Hilaire Belloc, French essayist, novelist, poet presented here, here, & here.

Francois Villon, French poet presented here, here, & here.

Louis Aragon, French poet and novelist, known in letters with the Surrealist school of art and writing in Paris presented here, here, & here.

Andre Gide, French novelist, awarded the Nobel Prize for Literature in 1947 presented here, here, and here.

Andre Malraux, Paris born, French novelist and critic presented here, here, & here.

Jacques Maritain, French philosopher and Catholic writer, presented here, here, & here.

Francois Mauriac, French novelist, poet, and critic presented here, here, & here.

Jean-Paul Sartre, Paris born, critic, dramatist, and novelist presented here, here, & here.

St. John Perse, pen name of French poet and diplomat, Alexis Saint-Leger Leger presented here, here, & here.

Jules Romains, pseudonym of Louis Farigoule, French novelist, poet, dramatist, and essayist presented here, here, & here.

Guillaume Appollinaire, French poet , son of a Polish mother, and Italian father, presented here,
here, & here.

ITALY

Ignazio Silone, controversial Italian novelist & journalist presented here, here, & here.

Cesare Pavese, Italian poet, novelist, critic, and literary translator presented here, here, & here.

Giovanni Pascoli, Italian poet & classical scholar presented here, here, & here.

Torquato Tasso, Italian poet of the 16th Century presented here, here, & here.

Paolo Lagazzi, critic of contemporary Italian and Japanese poetry presented here, here, & here.

Attilio Bertolucci, Italian poet, presented here, here, & here.

Vito Riviello, Italian poet, presented here and
here.

Benvenuto Cellini: Florence born, goldsmith, sculptor, and writer presented here, here, & here.

Umberto Saba, Italian poet and novelist presented here,
here, & here.

Primo Levi, born in Turin, Italy, trained as chemist, wrote memoirs, novels, poems, and short stories, presented here, here, & here.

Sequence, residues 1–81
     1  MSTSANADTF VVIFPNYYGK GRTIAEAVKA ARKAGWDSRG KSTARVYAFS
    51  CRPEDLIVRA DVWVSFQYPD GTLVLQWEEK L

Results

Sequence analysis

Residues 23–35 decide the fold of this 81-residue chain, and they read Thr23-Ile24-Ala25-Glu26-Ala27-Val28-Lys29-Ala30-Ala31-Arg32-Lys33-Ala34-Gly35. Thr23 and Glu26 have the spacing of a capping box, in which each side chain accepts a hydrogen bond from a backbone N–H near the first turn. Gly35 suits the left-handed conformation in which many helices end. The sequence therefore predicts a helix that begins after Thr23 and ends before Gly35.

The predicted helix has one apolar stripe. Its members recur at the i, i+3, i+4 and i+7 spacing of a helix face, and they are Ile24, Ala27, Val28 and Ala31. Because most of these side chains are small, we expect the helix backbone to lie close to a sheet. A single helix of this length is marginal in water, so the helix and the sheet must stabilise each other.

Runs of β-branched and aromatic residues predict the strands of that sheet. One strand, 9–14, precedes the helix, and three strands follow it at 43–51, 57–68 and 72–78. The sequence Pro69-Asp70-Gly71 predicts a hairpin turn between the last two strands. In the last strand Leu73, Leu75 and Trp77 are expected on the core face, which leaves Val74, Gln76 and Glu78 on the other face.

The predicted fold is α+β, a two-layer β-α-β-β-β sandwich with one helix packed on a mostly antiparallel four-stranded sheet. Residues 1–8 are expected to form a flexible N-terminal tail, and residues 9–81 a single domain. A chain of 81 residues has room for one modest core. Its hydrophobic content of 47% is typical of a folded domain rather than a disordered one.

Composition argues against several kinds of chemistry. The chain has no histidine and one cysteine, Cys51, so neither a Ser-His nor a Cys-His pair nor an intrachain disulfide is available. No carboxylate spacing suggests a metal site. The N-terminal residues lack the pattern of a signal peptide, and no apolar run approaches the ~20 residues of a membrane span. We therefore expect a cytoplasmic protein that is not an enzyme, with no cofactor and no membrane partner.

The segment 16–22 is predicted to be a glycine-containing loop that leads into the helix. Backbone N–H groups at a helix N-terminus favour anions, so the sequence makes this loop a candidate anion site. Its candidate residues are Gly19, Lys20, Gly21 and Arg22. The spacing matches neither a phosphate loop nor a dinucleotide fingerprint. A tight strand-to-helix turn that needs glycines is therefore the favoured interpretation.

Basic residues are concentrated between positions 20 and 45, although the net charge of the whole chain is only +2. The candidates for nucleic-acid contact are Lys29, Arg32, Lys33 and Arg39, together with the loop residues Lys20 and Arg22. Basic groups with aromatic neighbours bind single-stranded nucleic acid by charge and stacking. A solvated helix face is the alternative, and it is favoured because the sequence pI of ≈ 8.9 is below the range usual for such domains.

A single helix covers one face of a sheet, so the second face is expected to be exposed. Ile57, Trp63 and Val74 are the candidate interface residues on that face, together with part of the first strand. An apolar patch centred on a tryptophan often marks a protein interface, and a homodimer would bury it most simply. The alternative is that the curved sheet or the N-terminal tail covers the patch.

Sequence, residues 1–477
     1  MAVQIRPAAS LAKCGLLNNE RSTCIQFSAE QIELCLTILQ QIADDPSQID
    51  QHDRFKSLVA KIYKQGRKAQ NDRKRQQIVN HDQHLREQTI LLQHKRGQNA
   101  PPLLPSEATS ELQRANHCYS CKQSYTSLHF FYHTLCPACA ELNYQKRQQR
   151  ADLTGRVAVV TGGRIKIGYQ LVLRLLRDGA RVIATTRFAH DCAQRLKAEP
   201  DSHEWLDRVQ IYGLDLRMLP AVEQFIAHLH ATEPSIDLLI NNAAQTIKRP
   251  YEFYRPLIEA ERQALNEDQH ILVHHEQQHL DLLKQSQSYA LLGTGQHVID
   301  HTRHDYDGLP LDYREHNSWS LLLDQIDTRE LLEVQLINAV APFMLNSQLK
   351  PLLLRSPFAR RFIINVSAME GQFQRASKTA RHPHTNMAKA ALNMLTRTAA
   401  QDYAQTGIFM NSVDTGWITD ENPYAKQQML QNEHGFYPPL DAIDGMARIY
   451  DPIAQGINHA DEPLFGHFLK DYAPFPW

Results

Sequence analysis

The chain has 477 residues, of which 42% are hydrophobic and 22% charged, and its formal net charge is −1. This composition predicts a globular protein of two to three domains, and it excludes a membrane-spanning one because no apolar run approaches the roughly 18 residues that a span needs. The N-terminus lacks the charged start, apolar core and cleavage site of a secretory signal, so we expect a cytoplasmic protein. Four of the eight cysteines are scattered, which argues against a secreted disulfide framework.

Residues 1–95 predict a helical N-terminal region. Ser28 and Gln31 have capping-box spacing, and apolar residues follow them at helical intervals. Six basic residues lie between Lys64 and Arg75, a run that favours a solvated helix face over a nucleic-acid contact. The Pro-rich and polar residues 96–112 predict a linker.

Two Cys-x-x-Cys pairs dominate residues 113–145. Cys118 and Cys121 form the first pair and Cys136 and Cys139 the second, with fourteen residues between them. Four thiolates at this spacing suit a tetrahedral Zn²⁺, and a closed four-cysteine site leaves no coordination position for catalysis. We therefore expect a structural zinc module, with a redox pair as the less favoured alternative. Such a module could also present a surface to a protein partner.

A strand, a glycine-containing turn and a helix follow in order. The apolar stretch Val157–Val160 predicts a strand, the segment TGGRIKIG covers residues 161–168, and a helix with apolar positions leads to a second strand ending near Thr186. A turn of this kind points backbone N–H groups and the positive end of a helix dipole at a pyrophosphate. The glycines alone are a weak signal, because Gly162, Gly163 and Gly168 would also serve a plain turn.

Giacomo Puccini, Italian composer, descendant of a family of musicians, presented here, here, & here.

Arrigo Lora Totino, Italian poet, a leader of the concrete poetry movement presented here, here, & here.

Elisa Biagini, Italian poet, presented here, here, & here.

Giovanni Greco, Italian poet presented here, here, & here.

** posted for Luis C. Berriozabal by Christopher Cunningham**

2 Comments:

Blogger Luis said...

Thank you Chris for the opportunity to express my views on the world sport. The ending was one I didn't mind. Zidane did not use his "head" correctly. He could have ended Italy's bid for the championship had he "headed" the ball correctly when his "header" sailed over the goalpost on an earlier scoring attempt. Instead he used his "head" to butt the Italian defender & got himself red-carded. That was not a "heady" play at all. Did you happen to catch the "titty twister" that Italian defender did on Zidane, before he lost his "head." He should have waited until after the game, but he lost his "head." He only has himself to blame & had that penalty kick not bounced in, he would have been the goat. Fortunately, he had a second chance to be the goat & he did not turn down that chance. Tom--eee!
Tom--ee! Tom-eee! Your boat has sailed & sunk.

8:59 PM  
Blogger Luis said...

Update:

Italy won on penalties 5-3!

9:05 PM